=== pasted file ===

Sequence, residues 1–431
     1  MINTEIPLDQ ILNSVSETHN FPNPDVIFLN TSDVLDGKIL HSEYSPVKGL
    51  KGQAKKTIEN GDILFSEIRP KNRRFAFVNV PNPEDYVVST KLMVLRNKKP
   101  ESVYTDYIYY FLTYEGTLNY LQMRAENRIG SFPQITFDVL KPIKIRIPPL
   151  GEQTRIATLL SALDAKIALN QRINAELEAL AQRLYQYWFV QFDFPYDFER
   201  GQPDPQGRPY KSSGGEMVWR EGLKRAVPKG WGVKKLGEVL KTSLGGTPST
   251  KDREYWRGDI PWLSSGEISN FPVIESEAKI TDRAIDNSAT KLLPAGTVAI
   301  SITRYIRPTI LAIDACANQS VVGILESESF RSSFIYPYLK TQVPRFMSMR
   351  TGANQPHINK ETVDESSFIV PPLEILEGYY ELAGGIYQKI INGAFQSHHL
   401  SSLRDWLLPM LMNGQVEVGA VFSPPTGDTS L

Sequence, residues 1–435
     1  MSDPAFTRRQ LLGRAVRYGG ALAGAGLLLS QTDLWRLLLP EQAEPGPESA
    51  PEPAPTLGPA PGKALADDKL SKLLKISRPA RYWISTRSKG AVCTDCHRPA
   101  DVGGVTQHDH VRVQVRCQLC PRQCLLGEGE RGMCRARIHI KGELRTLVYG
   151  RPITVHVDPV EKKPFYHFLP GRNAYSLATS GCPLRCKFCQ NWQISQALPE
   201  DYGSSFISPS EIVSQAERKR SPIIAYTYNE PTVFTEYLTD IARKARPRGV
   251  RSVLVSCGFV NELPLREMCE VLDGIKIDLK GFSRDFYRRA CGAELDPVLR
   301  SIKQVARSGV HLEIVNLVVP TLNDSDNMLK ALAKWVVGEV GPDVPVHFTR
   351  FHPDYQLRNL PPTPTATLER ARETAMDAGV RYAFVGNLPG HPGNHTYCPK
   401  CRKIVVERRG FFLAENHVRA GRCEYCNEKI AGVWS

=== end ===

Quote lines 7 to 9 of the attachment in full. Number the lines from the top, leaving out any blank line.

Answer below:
   251  KDREYWRGDI PWLSSGEISN FPVIESEAKI TDRAIDNSAT KLLPAGTVAI
   301  SITRYIRPTI LAIDACANQS VVGILESESF RSSFIYPYLK TQVPRFMSMR
   351  TGANQPHINK ETVDESSFIV PPLEILEGYY ELAGGIYQKI INGAFQSHHL